307 -5 1 = 1 - (-x) + (-x) - x^2 + x^2 + ... - (-x)^n + (-x)^n = (1 - x + x^2 - x^3 + ... + (-x)^(n-1))(1+x) + (-x)^n and divide both sides by (1+x) Take the integral of both sides from 0 to x. Move a bunch of stuff to the left of the equal sign; the inequality follows from the fact (1/(1+t) .lt. 1/1) and the triangle inequality. 15 log_a (x) = log(x)/log(a) ; log(a) is defined for a .gt. 0 and nonzero for a .neq. 1, log(a) is a constant wrt x. Hence log_a (x) is differentiable wherever log (x) is. the derivative is just (1/log(a) D(log(x)) ) = (1/log(a))(1/x). 322 -6 1/((a + n)(a + n +1)) = 1/(a+n) - 1/(a+n+1). This provides a telescoping series. For finite summation up to k, it is equal to 1/a - 1/(a+k+1) as k goes to infinity, 1/(a+k+1) goes to 0, which provides the result. 1/(n(n+1)(n+2)) = 1/2n + -1/(n+1) + 1/2(n+2). This is telescoping and the tail terms go to zero, but because the cancellation is of -1/(n+1) with the previous 1/2(n+2) and the next 1/2n, the lead terms 1/(2 times 1) - 1/(1 + 1) + 1/(2 times 2) remain, and this sum equals .25 9 By regrouping the double summation, we se we have a_1 (1+ 1/2 + 1/3 + 1/4 + ...) + a_2 (1/2 + 1/3 + 1/4) + etc. and since the a_i are all positive and the expressions in parentheses are infinite, the summation is infinite. 18 SUM (1/(1 + a^n)) is less than SUM (1/a^n) which converges for a .gt. 1 hence the sum is finite for a .gt. 1. If a .lt. 1, 1/(1 + a^n) approaches 1 for large n, i.e., the tail terms are near 1, hence the series diverges.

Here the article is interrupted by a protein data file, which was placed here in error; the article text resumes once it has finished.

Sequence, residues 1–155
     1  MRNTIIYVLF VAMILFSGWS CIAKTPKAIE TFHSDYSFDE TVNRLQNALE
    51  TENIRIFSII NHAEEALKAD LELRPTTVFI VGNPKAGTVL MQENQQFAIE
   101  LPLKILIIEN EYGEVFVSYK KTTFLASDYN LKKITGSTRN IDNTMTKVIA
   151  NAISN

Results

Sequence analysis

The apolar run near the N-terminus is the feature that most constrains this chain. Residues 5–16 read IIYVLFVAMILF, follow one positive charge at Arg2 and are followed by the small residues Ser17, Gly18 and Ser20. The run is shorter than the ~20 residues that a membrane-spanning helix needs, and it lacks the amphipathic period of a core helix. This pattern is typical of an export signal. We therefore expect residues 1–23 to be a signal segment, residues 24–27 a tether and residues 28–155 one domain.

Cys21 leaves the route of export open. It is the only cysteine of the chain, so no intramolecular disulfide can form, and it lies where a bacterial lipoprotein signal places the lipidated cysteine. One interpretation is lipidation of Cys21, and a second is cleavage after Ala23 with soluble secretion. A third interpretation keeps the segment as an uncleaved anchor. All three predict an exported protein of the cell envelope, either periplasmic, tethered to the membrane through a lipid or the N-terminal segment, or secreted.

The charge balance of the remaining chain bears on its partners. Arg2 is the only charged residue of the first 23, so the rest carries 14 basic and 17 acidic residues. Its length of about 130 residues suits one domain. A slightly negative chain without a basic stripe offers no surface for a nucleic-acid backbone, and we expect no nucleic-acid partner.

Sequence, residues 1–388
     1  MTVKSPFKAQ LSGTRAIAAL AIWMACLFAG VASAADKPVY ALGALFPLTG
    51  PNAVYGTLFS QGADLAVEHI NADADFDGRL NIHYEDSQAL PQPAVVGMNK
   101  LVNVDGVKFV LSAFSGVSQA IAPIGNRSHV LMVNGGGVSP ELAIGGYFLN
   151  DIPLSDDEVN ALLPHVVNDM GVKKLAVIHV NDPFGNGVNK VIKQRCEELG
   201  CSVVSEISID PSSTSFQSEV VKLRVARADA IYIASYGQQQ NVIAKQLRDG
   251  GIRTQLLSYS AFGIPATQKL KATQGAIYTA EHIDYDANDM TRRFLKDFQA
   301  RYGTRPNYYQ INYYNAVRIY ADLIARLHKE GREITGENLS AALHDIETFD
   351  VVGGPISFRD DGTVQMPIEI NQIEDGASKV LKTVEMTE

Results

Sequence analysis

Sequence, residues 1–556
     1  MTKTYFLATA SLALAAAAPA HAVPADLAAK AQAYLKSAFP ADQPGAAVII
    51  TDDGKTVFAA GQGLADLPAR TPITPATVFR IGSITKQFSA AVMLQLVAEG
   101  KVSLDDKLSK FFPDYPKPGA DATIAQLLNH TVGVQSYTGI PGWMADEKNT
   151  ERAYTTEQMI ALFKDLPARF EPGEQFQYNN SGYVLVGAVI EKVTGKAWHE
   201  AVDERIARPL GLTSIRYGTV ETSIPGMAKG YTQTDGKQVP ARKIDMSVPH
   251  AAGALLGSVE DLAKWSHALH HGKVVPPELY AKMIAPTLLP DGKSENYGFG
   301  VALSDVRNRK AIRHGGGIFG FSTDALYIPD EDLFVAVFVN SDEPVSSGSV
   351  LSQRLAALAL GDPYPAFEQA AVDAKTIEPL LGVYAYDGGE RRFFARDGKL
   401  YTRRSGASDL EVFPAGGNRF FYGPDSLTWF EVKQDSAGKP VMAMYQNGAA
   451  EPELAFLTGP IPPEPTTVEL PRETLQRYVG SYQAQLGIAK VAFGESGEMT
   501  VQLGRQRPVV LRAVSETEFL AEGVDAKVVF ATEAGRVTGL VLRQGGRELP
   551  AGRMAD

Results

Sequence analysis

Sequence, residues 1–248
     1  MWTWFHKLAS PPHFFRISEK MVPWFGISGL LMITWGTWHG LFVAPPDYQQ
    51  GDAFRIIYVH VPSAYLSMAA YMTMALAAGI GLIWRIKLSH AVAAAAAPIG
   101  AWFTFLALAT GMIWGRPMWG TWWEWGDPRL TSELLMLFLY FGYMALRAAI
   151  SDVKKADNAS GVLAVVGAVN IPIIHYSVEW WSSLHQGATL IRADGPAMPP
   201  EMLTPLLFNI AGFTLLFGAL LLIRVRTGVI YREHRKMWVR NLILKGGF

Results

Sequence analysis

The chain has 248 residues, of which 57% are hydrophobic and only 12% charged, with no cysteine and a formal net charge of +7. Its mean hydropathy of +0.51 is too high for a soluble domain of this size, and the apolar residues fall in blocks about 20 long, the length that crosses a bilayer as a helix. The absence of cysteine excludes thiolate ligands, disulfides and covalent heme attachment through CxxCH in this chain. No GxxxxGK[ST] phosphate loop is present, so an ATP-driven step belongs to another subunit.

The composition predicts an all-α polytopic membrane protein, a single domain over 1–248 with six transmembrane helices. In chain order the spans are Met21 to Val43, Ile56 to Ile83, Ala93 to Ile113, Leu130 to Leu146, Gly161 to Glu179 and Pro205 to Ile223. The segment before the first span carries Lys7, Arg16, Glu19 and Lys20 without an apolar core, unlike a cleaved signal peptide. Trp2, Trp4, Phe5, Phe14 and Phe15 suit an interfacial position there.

Sun Jan 25 1998